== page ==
Musician, Entertainer. He was called the “King of Pop,” and is best remembered for his revolutionary videos such as “Thriller” (1982), and “Dangerous” (1991), as well as two Guinness World Records: Most successful entertainer of all time (with 13 Grammy Awards, 13 Number One single hits in a solo career, and sales of over 750 million in albums worldwide), and for having the greatest selling album of all time (“Thriller”). He is also remembered for his trademark single sequined white glove, and for The Moonwalk. Born Michael Joseph Jackson in Gary, Indiana, he was the seventh of nine children to Joseph Walter “Joe” Jackson and Katherine Esther Scruse Jackson, a working class family living in an industrial suburb of Chicago. His father was a steel mill employee who also played guitar in a Rhythm and Blues band, the Falcons. Jackson showed his musical abilities early, performing in front of his kindergarten classmates at the age of 5, and later joining his four brothers in a singing group, The Jackson Brothers, which was changed to the Jackson 5 when Michael was eight years old. Michael was soon singing lead to the others playing, and in 1968, the group signed with Motown Records, their initial break into the recording industry. Even then, Michael was recognized as a singing prodigy. Their first four records set a Motown record when all four hit number one on the Billboard Hot 100. By the early 1970s, the group was considered one of the most successful pop/soul groups in history. In June 1975, the Jackson 5 signed with CBS Records, and Michael also became the principal songwriter of the group. In 1978, he attempted to break into film, playing the Scarecrow in “The Wiz” but had better luck with his music videos, to which he changed from just a video recording of his singing to a short musical story of intense drama. His revolutionary remake of the video medium would change forever the video industry. In 1979, Michael broke away from his brothers to go solo, since he had become more popular than any of his brothers. During the 1980s, his record sales consistently hit number one in the charts, to be topped by his best selling album of all time, Thriller (1982). During this period, Jackson would claim to be suffering from both lupus and vitiligo. In a 1988 autobiography, “Moon Walk,” Jackson would speak of facing his father’s abuse during his childhood, his many periods of weight loss and weight gain, and the changes to his face (many doctors believe that he has undergone as many as a dozen facial cosmetic surgeries). In 1993, he would state in an interview with Oprah Winfrey that he suffered from vitiligo, a rare disease that depigments the skin, turning it white. In the 1990s, as Jackson’s fame grew, he become more introverted, building his Neverland Ranch retreat as a refuge from his fans and detractors alike. Jackson was accused of child sexual abuse in 1993, but settled out of court, paying his accuser 22 million dollars to end the stress of the pending court trial; this led many to believe he was hiding a tendency toward pedophilia, which lost him many fans. Ever the businessman, even his marriages were crafted to improve his image. He was married twice, first to Lisa Marie Presley, the daughter of Rock King Elvis Presley, on May 26, 1994, but the marriage ended in divorce in January 1996. He then married Debbie Rowe on November 15, 1996, with whom he had two children, a daughter Paris Michael Katherine, and a son, Michael Jr, nicknamed “Prince.” This marriage also ended in divorce in October 1999. During this period, Jackson became addicted to painkillers, and was able to break the habit with the help of his singer friend, Elton John. In 1997, Jackson would dedicate his album, HIStory, to Elton John; it would sell over 6 million copies worldwide. Jackson would have a third child in 2002, a son, Prince Michael Jackson II, and nicknamed “Blanket.” To date, the name of the mother has not been revealed; she apparently gave up custody of the child to Jackson. In 2003, Jackson was again accused of child molestation, but was found “not guilty” during a media circus trial that ended in June 2005, due to lack of evidence. Many court watchers believe that he was a victim of being a rich celebrity target for blackmailers, hoping to score a quick multi-million dollar settlement from him. During his lifetime, Jackson has been very active in a number of charities, and has donated upwards of $300 million to various charities; he is considered one of the top celebrity donators. For much of his 50 years of life, Jackson, a sensitive man, was subjected to severe stress, beginning with what he considered his father’s mental abuse, his early fame and continuous success in the music world, his loss of several fortunes over the course of his life, followed by the hard work to set up a tour to recoup his losses, his unsuccessful marriages, the continual hounding of the tabloid press, hurtful jokes of late night television hosts, his addiction to pain killers, and rapid weight gain and weight loss; all have taken their toll on his fragile body. About noon on June 25, 2009, Jackson was found unconscious at his home and although EMTs immediately responded, he was pronounced dead at the hospital, believed at the time to be from a fatal heart attack. On July 7, 2009, the Jackson family held a private service for him at Forest Lawn Memorial Park, followed by a memorial service at the Staples Center in Los Angeles. Michael Jackson was inducted twice into the Rock and Roll Hall of Fame, in 1997 as a member of the Jackson 5, and in 2001, as a solo artist. In 2002, he was inducted into the Songwriter’s Hall of Fame. He has also received numerous awards for his contributions to the world of pop music, and for his numerous best selling albums.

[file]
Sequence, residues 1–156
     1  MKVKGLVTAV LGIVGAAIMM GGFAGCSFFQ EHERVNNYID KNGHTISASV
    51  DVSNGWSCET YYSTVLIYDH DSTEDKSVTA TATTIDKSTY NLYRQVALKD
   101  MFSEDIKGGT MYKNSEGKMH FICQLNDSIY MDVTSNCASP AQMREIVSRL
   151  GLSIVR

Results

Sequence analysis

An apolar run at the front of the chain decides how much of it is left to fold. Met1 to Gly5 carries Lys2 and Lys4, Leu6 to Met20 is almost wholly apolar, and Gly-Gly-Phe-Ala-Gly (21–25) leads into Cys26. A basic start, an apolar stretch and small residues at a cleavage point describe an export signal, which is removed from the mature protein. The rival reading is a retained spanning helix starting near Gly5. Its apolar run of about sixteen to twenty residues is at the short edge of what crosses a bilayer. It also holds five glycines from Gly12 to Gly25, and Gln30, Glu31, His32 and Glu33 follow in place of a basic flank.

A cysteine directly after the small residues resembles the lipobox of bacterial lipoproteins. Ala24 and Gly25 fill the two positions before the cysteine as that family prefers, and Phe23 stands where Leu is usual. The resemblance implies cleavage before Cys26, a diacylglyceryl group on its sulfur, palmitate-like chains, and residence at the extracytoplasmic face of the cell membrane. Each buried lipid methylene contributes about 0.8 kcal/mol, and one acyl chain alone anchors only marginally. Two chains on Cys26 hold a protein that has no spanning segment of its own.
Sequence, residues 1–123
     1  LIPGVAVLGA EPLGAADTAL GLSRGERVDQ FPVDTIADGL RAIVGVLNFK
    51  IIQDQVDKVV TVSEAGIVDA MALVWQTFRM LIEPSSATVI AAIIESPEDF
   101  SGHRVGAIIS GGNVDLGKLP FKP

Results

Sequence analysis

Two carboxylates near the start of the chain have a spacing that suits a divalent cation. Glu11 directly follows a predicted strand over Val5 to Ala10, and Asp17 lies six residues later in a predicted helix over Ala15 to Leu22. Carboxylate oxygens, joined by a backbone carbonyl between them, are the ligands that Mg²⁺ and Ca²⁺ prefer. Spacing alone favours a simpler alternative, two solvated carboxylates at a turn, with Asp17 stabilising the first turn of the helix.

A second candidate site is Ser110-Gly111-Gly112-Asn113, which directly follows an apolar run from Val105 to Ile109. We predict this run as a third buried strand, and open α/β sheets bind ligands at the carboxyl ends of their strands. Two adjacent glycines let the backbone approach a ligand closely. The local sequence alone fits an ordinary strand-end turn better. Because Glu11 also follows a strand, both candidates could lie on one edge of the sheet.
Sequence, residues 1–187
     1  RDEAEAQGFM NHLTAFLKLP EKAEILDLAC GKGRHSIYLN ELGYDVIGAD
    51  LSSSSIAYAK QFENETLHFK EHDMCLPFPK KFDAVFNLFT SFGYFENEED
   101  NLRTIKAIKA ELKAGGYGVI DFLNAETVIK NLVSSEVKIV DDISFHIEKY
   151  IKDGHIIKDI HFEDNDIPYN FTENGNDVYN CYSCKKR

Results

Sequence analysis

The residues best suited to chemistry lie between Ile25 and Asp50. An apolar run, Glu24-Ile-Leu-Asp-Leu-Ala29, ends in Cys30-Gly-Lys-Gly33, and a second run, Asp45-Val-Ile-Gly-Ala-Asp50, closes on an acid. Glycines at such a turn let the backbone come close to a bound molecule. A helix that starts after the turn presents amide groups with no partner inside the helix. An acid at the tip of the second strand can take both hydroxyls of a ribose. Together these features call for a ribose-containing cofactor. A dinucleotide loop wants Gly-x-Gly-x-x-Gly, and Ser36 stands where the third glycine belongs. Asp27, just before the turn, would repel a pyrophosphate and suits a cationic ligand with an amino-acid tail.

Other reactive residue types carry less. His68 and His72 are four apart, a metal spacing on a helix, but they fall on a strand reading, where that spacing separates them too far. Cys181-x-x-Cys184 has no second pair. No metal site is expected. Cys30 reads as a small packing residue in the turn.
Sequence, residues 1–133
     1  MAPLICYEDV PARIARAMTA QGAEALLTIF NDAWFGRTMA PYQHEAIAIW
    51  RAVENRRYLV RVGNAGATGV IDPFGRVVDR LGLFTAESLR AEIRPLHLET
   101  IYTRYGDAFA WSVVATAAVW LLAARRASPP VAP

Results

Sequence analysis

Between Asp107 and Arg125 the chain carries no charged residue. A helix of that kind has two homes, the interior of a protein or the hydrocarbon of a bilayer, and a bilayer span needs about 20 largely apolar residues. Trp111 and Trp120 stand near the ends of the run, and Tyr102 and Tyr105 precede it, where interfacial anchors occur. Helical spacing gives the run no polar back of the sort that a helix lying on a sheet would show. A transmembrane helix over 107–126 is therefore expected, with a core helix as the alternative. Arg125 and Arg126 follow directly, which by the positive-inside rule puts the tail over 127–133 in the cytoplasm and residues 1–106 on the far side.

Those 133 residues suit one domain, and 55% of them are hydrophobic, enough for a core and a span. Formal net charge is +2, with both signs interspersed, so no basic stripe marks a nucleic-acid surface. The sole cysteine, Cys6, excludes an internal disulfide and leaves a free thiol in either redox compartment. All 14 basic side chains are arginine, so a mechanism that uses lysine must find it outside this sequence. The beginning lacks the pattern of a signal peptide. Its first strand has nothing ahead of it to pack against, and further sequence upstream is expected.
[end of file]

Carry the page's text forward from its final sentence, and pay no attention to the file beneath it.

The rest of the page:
Mildred Jane Hill. Musician. She was a concert pianist, organist, author and teacher most noted as co-writer with her sister Patty Smith Hill of the familiar tune “Happy Birthday to You.” She also was a student of her father, Calvin Cody and Adolp Wedig. Louisville, Kentuky native Mildred Jane Hill along with her sister orginally composed what later became known as “Happy Birthday to You” as a classroom greeting. It was first published in 1893 as “Good Morning to All” with the lyrics later amended in 1924 after Hill’s death to include a stanza begining “Happy Birthday to You.” She died in Chicago, Illinois on June 5, 1916. Mildred Jane Hill and Patty Smith were posthumosly inducted in the The Songwriter’s Hall of Fame on June 12, 1996. In 1988, Birch Tree Group, LTD. sold the rights of Happy Birthday to you along with all its other assets, to Warner Communications for an estimated $25 millon. According to the Guinness Book of World Records, “Happy Birthday to You” and “For He’s a Jolly Good Fellow” are among the three most popular songs in the English language.